From left to right: Colby Clarkson and Andrew Gimson of Habitat for Humanity, Henree Cayer, age 2, Mindy Cayer, Zack Cayer, and Lane Cayer, age 5.

Sharon Project is Upper Valley Habitat's First in a Decade


Submitted 5 months ago

A convivial crowd gathered under the blazing July sun recently to witness the groundbreaking of an Upper Valley Habitat for Humanity project. The project will provide a new house for Zack and Mindy Cayer and their three children. It also marks the first home-building activity by Habitat’s Upper Valley chapter in approximately a decade.

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“Habitat for Humanity helps young families get their first homes and keep their first homes,” said Upper Valley Habitat for Humanity interim president Gerry Botha. Upper Valley Habitat for Humanity is a chapter of the larger international nonprofit.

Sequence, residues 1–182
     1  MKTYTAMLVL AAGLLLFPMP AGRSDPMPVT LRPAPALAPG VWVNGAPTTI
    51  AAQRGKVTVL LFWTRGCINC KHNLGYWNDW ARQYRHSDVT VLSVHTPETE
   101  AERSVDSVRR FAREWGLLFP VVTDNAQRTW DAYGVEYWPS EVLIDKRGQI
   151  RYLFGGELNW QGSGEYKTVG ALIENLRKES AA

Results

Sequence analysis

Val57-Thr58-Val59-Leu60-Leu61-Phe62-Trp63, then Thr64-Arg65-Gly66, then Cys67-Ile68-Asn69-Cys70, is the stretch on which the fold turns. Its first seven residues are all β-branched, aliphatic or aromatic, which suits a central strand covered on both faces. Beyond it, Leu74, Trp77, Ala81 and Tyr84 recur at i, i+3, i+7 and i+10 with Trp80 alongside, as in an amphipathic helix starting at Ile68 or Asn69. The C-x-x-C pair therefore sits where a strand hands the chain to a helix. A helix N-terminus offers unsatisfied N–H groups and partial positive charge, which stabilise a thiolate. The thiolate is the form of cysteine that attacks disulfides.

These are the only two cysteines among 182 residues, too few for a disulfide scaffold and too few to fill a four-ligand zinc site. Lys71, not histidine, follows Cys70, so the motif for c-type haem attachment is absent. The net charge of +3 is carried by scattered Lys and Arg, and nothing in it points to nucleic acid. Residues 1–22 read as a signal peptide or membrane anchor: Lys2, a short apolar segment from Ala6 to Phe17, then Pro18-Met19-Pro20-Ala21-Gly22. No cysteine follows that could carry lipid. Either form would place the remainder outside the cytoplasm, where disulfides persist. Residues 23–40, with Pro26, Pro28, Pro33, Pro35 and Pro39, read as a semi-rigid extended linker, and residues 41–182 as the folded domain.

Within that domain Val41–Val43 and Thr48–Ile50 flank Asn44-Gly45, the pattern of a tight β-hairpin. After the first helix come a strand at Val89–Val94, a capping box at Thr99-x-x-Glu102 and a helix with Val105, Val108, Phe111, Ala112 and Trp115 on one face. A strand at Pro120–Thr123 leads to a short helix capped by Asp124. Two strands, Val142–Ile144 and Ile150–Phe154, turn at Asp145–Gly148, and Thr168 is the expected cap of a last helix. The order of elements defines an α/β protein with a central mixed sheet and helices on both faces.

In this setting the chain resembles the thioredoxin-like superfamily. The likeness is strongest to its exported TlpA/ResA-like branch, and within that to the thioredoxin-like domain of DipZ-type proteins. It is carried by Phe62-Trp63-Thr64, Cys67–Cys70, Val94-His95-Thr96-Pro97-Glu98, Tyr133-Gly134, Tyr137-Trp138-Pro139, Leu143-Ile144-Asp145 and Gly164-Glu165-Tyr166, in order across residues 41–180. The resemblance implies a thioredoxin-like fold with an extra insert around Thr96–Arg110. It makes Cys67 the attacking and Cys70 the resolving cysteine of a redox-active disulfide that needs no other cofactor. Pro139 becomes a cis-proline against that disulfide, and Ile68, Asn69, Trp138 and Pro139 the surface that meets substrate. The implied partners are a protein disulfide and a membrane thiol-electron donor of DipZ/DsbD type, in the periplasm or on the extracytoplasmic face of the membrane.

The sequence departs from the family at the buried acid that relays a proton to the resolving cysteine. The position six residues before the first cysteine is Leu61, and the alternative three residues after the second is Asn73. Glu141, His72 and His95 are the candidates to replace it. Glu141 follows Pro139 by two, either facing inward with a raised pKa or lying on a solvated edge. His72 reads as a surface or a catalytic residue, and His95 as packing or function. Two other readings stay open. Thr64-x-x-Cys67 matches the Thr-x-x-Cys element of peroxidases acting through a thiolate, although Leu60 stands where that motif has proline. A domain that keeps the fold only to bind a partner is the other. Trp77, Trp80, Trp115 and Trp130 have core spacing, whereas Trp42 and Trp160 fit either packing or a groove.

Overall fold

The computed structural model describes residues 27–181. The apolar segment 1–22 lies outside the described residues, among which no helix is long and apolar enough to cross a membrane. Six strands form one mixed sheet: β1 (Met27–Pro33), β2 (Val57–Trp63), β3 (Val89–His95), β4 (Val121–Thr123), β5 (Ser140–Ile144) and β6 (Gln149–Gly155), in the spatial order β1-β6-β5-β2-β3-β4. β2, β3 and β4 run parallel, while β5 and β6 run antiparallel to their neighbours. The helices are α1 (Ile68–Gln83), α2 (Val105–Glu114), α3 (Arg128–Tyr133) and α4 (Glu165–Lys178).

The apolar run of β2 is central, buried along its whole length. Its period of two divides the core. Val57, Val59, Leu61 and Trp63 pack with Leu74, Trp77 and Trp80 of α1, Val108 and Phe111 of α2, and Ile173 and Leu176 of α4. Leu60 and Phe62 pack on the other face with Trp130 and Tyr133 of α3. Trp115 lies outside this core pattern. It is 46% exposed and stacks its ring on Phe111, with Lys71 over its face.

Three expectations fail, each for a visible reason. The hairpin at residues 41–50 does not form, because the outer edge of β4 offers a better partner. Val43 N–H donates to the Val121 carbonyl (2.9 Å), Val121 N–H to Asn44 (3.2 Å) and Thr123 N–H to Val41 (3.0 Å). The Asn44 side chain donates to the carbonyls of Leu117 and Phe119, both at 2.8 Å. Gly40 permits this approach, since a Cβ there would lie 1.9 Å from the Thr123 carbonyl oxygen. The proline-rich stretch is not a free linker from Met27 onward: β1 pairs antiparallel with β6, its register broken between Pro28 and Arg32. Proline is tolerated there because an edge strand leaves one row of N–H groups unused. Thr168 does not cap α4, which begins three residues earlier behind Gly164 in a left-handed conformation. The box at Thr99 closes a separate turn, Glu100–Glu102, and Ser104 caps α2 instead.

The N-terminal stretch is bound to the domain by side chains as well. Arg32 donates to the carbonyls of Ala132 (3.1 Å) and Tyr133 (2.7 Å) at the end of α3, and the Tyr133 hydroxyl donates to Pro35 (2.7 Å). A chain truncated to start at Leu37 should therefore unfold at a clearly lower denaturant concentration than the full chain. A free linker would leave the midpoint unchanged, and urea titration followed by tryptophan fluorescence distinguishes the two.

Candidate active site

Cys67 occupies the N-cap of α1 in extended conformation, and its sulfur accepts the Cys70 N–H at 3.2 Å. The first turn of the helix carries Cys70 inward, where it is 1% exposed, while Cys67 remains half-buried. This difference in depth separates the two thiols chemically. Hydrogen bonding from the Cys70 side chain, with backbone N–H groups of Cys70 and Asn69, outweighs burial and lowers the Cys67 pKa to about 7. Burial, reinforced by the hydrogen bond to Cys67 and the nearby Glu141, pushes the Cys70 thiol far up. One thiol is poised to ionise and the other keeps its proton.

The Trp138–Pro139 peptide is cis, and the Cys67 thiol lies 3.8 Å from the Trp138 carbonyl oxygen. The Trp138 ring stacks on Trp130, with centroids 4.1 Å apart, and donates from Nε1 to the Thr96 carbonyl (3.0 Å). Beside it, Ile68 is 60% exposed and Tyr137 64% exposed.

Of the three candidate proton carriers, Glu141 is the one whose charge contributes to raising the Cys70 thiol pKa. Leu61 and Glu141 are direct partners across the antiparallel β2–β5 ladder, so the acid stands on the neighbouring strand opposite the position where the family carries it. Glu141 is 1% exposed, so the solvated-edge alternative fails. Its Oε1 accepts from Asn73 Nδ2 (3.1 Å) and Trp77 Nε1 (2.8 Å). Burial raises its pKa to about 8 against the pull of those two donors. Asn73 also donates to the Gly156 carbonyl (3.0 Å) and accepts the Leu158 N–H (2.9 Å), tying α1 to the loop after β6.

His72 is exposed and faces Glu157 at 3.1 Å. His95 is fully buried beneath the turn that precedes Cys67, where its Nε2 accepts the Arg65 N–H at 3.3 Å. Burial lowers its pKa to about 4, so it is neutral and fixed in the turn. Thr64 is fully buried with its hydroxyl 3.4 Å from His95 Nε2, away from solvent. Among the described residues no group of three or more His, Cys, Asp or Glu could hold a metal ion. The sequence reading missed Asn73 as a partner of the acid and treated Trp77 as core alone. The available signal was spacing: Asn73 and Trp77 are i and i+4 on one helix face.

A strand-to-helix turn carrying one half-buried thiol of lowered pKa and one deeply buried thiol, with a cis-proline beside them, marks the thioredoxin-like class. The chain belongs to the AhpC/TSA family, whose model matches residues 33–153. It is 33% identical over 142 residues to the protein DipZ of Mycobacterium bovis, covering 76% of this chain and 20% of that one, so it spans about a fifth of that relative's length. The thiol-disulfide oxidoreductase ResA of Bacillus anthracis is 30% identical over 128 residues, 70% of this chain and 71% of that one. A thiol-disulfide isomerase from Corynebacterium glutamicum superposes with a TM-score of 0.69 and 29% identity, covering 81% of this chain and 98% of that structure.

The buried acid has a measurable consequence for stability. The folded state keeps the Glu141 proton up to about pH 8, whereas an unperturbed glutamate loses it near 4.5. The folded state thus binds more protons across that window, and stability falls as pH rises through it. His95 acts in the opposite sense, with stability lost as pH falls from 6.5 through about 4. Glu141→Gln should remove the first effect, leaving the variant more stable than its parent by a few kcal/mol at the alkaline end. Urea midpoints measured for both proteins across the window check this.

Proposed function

One aspect that makes the project in Sharon exciting, explained Andrew Gimson, the group’s executive director, is that it’s the first house the organization has designed to meet Efficiency Vermont’s high performance standards.

“So basically, you light a candle and it heats the house,” chuckled Gimson, “It’s extremely tight. No oil, no propane, just electricity and a little heat pump.”

The Cayer Family

During his opening remarks Botha introduced the family slated to live in the completed house, Mindy and Zack Cayer, and their three children Lane, age 5, Henree, age 2, and Wren, 4 months.